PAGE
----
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By
Timmy Test
3rd grade
Mr. Jensen, Ridgewood Elementary
03/30/2017
TABLE OF CONTENTS
A.
Why I chose butterflies
a. How does it connect to our Research Topics?
b. I learned during my research…
B.
What is a butterfly?
a. Similarities with other insects
b. Differences with other insects
C.
What is a moth?
a. Difference from a butterfly
b. Pest or friend?
D.
What do they look like?
a. Body Parts
b. Shape, colors, size
E.
What do they eat
a. Pollen, leaves, or liquid
b. Proboscis and feet
F. Where do they live and how can I attract
them?
a. Where can they be found
b. Risks in their environment
c. How do I attract them?
G.
H.
I.
1
GLOSSARY
REFERENCES
Audience Questions
WHY DID I CHOOSE BUTTERFLIES?
Have you ever wanted to have a butterfly find you? Did you ever wish that
you could attract them to your yard so you could enjoy their beautiful colors
and graceful flight? I did, after doing the research for my class topic on
allergies,
While I was
researching allergies, I also
read a
section on allergies to
insect’s
bites and stings. When I
further
read about bee stings, I
also
discovered that bees are
very
valuable to the food we eat
because
they pollinate the flowers of
plants
important to us like fruits and
vegetables. I was
surprised to learn that butterflies are also
pollinators like bees, and they don’t sting!
When reading about butterflies, I discovered that I wanted to learn more
about all types of butterflies. For
example, did you know the Monarch
Butterfly migrates just like birds do?
I decided to find out what makes them
different from other insects, what they
eat, how they are different than other
flying insects like moths, and where they
live. I was also very interested in trying
learn how I could attract them to my own
yard. In the following essay, I will
attempt to inform you about these and
many other intriguing facts about what makes
butterflies the coolest “bug” on the planet earth!
2
to
WHAT IS A BUTTERFLY?
Butterflies are magnificent flying insects with large scaly wings and a vibrant
array of colors over their bodies. Butterflies have smooth, slender bodies,
knobbed antennae, rest with their wings held upright, and fly during warm
weather.
They are considered an insect like bees, ants, dragonflies, and moths
because they have six legs, three body parts, a pair of antennae, compound
eyes, and an exoskeleton.
The butterfly, like some
insects, also has wings. Not all
insects can fly like a butterfly,
and not all flying insects are
a butterfly; a dragon fly or
mosquito for example.
Some people think a
butterfly and and a moth
are
the
same
insect, but they are not. Although
similar, each species has things
that make it different and unique. I
will explain the differences
between a moth and butterfly in
the next paragraph.
3
HOW IS A MOTH DIFFERENT THAN A BUTTERFLY?
Although the rules for distinguishing moths from butterflies are not simple,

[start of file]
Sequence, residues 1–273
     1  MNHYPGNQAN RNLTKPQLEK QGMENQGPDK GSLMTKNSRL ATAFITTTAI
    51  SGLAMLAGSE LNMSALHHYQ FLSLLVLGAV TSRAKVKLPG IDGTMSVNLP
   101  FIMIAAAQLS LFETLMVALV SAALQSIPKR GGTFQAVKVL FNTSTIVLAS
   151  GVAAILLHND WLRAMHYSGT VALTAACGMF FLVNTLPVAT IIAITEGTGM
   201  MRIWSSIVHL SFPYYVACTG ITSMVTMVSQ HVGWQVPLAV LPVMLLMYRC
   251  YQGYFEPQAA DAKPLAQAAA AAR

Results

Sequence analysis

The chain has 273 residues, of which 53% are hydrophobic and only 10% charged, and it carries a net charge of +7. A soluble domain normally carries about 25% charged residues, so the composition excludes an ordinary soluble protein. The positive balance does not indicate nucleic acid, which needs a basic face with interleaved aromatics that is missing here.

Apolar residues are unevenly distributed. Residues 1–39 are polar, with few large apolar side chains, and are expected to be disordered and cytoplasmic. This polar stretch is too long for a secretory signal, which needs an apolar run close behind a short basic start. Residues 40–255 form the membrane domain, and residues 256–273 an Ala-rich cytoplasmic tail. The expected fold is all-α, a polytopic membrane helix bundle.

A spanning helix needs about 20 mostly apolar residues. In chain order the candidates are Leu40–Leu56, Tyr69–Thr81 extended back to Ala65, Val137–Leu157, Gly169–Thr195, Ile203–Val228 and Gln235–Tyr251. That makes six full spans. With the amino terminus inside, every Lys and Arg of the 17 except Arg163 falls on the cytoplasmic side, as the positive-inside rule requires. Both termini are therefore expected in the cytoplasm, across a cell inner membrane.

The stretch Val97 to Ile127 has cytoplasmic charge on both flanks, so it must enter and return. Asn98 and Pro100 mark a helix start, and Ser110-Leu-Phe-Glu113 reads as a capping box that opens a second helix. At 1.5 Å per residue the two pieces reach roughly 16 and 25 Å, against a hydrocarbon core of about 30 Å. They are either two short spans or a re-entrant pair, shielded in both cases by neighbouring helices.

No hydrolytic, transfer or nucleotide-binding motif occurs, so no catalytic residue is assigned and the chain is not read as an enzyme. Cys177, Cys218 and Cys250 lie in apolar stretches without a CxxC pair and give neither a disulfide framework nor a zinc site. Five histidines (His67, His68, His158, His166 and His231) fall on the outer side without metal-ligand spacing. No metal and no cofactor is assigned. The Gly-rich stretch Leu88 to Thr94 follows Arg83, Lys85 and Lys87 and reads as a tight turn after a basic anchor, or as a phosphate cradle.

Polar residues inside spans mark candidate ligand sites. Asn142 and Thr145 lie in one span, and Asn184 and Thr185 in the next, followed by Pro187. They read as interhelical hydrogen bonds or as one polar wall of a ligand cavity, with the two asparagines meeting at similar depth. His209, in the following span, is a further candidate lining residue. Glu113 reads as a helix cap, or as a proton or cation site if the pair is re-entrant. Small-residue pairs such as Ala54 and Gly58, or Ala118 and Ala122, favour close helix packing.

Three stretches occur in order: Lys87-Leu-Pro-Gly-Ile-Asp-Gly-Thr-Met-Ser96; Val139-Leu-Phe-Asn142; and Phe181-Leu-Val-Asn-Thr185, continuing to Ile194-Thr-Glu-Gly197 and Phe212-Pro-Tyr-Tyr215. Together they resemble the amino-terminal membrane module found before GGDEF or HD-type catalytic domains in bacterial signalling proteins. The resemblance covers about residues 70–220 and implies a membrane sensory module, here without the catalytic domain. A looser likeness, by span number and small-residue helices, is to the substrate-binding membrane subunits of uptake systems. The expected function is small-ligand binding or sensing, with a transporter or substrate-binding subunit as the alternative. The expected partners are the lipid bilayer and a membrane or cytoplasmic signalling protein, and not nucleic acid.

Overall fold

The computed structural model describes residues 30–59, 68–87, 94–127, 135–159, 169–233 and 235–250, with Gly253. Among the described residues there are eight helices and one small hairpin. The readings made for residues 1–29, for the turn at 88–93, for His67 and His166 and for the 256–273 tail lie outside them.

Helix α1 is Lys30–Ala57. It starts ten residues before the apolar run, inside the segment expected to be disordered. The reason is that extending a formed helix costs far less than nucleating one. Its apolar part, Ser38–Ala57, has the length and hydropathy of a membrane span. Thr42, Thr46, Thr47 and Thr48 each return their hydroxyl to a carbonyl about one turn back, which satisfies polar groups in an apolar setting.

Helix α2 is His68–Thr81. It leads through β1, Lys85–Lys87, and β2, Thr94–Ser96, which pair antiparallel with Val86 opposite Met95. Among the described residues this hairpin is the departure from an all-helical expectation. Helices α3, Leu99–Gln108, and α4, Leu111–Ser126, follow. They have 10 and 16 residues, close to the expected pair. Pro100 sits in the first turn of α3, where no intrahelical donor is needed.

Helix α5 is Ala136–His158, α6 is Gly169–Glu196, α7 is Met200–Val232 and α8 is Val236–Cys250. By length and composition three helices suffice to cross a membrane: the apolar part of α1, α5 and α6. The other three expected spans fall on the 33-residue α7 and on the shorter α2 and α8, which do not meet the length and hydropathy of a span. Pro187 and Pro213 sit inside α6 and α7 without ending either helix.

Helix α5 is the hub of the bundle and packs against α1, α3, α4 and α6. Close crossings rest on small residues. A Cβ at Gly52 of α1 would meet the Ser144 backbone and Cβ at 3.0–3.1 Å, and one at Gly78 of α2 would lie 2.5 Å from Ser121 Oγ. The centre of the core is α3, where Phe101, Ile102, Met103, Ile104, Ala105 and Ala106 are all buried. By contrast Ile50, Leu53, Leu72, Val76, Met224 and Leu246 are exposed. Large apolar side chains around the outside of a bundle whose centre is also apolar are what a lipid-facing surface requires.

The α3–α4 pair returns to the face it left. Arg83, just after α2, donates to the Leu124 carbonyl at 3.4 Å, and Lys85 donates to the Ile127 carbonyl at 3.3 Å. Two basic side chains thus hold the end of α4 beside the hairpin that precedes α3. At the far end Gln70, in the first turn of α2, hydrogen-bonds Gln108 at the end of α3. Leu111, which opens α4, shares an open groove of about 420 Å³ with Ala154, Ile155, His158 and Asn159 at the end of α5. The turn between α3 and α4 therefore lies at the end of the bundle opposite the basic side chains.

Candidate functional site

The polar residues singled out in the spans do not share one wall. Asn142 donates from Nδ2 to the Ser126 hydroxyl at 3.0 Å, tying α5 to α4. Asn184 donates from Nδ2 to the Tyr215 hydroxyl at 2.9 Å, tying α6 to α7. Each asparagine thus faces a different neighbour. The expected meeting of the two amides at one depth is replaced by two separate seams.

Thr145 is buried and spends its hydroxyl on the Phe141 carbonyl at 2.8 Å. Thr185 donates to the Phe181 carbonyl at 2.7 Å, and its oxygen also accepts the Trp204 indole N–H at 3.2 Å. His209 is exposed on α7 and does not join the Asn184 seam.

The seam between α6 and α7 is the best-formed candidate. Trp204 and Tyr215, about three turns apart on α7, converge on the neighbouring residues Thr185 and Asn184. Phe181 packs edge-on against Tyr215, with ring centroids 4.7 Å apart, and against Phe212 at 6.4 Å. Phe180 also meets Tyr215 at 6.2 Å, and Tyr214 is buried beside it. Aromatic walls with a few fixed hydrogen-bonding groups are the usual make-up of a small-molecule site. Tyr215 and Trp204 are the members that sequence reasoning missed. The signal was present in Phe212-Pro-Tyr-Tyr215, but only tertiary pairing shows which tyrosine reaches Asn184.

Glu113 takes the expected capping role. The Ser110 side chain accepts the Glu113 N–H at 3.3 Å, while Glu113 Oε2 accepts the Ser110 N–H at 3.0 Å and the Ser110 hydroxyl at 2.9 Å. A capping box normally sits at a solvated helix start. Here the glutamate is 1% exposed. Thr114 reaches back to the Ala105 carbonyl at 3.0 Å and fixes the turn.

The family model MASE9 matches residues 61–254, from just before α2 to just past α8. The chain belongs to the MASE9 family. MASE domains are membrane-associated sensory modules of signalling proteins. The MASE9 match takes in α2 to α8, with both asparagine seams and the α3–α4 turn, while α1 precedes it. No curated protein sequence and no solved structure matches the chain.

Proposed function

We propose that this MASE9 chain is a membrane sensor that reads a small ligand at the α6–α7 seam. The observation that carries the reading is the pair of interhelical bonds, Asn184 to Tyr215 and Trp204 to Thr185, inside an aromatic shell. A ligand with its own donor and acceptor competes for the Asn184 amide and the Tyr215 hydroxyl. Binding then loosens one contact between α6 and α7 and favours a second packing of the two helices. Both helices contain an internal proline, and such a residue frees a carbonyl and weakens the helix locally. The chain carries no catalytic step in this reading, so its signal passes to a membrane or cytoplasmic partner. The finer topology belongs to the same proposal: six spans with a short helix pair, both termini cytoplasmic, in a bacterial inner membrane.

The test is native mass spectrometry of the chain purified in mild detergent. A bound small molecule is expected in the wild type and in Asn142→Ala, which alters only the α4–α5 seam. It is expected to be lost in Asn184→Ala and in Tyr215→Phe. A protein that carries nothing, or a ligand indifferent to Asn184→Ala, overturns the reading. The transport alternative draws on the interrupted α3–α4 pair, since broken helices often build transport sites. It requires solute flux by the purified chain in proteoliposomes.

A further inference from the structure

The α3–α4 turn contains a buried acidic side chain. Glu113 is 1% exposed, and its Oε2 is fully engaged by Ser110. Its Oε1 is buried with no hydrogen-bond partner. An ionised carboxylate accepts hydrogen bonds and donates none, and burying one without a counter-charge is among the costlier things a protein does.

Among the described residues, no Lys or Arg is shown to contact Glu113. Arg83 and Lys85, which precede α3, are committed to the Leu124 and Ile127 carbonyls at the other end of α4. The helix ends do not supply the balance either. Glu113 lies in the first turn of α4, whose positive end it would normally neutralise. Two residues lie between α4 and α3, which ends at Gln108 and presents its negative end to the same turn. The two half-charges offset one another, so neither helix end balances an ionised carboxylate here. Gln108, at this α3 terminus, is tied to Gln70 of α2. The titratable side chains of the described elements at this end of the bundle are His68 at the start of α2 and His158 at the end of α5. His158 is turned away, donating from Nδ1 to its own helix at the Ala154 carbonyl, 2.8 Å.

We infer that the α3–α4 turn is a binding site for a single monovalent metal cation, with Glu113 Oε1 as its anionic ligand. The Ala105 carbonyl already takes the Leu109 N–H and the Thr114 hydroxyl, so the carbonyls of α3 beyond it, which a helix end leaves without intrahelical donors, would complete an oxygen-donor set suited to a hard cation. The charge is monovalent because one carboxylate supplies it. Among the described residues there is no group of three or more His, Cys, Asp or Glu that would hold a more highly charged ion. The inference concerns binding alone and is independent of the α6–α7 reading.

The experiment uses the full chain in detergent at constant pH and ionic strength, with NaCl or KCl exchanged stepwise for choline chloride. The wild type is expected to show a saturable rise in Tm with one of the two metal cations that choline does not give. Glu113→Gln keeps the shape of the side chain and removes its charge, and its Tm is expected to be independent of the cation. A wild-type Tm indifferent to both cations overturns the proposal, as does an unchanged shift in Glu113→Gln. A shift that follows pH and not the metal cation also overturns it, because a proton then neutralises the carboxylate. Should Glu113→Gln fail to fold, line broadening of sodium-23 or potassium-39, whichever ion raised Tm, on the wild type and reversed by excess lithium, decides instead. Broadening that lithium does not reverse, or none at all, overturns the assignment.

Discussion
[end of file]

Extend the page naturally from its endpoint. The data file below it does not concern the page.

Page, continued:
one very good guiding principle is that butterflies have thin antennae and
(with one exception) have small balls or clubs at the end of their antennae.
Moth antennae can be quite varied in
appearance, but lack the club end and can look
feathery.
Moths are also nocturnal, and tend to be less
colorful. Moths like to eat wool and cotton
clothing. Some species can even harm trees.
Moths also rest with
their wings spread out
and can easily blend
into where they land
with a camouflage effect.
Some will even have what look like eyes on their wings
when
open to make predators think they are a bigger animal and not a moth.
4
The Differences Between Butterflies and Moths
CHARACTERISTIC
Antennae
BUTTERFLIES
Club-like with a swollen tip
Color
Usually bright colors
Resting Stance
Period of Activity
Pupa
MOTHS
Feathery
Usually less bright than
butterflies
Wings erect and Wings open and folded over its
held together back while resting, looking like
while resting
the train of a wedding gown.
Usually active during the day
Usually active at night (and
attracted to light)
Pupate as an unprotected
Protected by a cocoon or pupate
chrysalis hanging from a
underground or on the ground
branch or other support
How the Forewing and
With an enlarged humeral lobe
Hindwing are Held Together
on each hindwing
in Flight
With a frenulum (bristles or
spines on each hindwing)
When I lived in Texas, I thought a bat had entered my house. When I
turned on the light I was
surprised to discover a
giant Black Witch moth
flying around my room.
I quickly got a container
and was able to
capture it and then
safely release it
outside.
The Giant Black Witch
Moth can measure over
seven inches across its
wings. It often
mistaken for a bat.
A picture of a Giant Black Witch Moth
5
WHAT DOES A BUTTERFLY LOOK LIKE?
Like all insects, butterflies have:
Six jointed legs
Three body parts
A pair of antennae
Compound Eyes
An exoskeleton.
The three body parts are the head, thorax (the chest), and abdomen (the tail
end).
The butterfly's body is covered by tiny
sensory hairs.
The four wings and the six legs of the
butterfly are attached to the thorax.
The thorax contains the muscles that
make the legs and wings move.
Butterflies come in an almost infinity of
colors, shapes and sizes.
6
WHAT DOES A BUTTERFLY EAT?
How a butterfly eats is a question often asked and just as often missed. As
a caterpillar it eats the leaves of the plant it hatches on, and as an adult, the
diet is very different. Most butterflies do not actually eat like we normally
think eating is. Instead, butterflies actually drink their food.